Connie stared at him, another wave of dizziness and fear rising in her so that for a moment he wasn’t even in focus but was just a blur standing there against his gold car, and she had the idea that he had driven up the driveway all right but had come from nowhere before that and belonged nowhere and that everything about him and even the music that was so familiar to her was only half real.
Connie is hit by a spell of dizziness as she begins to realize that Arnold Friend is not who he says he is. The ambiguous nature of his character is physically manifested when he becomes an indistinct blur before Connie’s eyes. She is struck by the disturbing idea that Arnold Friend has no past and no roots; before he appeared on her doorstep, his entire life is a void. Joyce Carol Oates expresses this idea in the text by refraining from sharing any background information about Arnold Friend. Unlike Connie, whose history and thoughts are meticulously documented, Arnold Friend is not humanized or normalized, making him a mysterious and worrying character.
“Aunt Tillie’s. Right now they’re uh—they’re drinking. Sitting around," he said vaguely, squinting as if he were staring all the way to town and over to Aunt Tillie’s back yard.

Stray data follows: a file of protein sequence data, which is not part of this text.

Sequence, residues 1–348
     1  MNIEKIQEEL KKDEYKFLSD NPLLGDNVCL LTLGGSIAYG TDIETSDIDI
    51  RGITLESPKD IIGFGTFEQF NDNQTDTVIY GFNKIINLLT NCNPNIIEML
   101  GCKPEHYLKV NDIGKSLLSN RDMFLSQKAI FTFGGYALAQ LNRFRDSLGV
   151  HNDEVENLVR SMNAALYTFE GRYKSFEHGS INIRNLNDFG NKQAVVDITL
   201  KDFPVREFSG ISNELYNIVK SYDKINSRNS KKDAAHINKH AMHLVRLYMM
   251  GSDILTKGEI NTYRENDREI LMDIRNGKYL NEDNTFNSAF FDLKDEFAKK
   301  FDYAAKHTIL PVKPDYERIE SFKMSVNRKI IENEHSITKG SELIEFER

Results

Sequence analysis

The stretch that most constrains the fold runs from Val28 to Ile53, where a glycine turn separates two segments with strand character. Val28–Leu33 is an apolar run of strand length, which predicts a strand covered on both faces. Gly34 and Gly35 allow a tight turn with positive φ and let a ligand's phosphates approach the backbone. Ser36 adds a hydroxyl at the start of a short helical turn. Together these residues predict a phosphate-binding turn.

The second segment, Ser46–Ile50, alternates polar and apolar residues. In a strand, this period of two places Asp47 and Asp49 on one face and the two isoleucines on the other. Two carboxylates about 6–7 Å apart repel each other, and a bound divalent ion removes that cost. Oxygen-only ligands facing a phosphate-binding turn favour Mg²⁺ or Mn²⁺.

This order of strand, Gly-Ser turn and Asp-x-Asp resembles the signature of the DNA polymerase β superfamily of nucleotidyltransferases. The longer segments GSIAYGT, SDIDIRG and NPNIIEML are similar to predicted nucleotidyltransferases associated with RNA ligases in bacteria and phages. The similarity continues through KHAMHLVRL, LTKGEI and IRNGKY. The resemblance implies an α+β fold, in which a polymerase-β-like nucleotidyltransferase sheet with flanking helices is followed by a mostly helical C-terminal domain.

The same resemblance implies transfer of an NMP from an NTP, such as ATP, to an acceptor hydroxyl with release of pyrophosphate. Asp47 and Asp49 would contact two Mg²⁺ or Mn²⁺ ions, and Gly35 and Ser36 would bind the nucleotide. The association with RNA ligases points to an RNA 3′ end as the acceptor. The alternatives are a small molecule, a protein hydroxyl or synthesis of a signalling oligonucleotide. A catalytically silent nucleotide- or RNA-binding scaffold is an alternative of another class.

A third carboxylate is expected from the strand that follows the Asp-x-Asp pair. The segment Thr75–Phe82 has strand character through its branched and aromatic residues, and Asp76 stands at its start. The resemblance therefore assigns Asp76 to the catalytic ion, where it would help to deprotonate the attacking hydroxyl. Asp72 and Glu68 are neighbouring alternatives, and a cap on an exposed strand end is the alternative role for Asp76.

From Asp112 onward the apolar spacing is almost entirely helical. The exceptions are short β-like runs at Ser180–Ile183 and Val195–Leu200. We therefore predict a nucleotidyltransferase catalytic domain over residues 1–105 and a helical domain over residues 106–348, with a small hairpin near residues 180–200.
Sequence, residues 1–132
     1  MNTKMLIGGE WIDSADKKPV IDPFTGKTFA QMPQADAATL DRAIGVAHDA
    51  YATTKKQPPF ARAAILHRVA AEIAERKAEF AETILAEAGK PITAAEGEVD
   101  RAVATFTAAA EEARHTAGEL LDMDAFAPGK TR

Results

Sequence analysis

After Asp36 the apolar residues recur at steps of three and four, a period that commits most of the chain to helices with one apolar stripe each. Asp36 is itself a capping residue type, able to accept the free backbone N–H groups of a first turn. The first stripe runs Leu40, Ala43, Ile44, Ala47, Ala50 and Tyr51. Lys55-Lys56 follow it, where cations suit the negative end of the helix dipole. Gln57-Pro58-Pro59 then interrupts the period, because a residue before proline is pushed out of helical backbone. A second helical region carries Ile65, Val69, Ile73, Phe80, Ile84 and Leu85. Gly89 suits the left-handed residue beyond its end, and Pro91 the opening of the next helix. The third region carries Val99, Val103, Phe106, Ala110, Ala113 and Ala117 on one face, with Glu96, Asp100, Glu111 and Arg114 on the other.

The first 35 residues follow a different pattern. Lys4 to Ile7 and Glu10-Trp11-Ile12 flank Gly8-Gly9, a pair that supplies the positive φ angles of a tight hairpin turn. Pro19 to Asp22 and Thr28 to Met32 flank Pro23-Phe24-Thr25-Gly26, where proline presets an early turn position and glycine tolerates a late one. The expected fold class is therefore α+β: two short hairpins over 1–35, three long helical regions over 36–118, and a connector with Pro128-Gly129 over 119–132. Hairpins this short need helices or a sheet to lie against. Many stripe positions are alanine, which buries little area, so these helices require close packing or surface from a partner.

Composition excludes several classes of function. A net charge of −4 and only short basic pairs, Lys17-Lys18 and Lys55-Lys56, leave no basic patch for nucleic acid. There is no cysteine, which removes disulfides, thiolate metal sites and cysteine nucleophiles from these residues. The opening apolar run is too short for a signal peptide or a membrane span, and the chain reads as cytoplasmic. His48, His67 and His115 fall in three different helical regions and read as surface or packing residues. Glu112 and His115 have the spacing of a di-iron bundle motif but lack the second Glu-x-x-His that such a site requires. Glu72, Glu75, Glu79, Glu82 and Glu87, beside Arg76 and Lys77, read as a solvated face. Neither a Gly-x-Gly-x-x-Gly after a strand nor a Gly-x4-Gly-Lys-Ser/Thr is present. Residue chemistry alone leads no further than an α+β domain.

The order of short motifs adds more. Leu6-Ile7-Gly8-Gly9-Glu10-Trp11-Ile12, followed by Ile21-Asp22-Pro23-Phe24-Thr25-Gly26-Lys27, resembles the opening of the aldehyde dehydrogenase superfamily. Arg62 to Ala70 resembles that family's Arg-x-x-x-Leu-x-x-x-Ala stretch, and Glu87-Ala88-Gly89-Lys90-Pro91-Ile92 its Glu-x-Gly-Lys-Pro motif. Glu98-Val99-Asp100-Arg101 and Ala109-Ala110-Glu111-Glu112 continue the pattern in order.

Perhaps the strongest evidence for Arnold Friend’s supernatural character, this quote demonstrates his apparent ability to see events occurring elsewhere. As his vision gets sharper he accurately describes June’s blue dress and heels, and informs Connie that Mrs. Hornsby, a family friend, is helping her mother shuck corn. While it is technically possible that Arnold Friend could have overheard about the barbecue or seen June leave in her blue dress, it does not seem likely, adding to the character’s mysterious and malevolent aura. The reader is left to wonder how the character could know these details, perhaps concluding, like many critics, that Arnold Friend is the devil or death incarnate.
She cried out, she cried for her mother, she felt her breath start jerking back and forth in her lungs as if it were something Arnold Friend was stabbing her with again and again with no tenderness.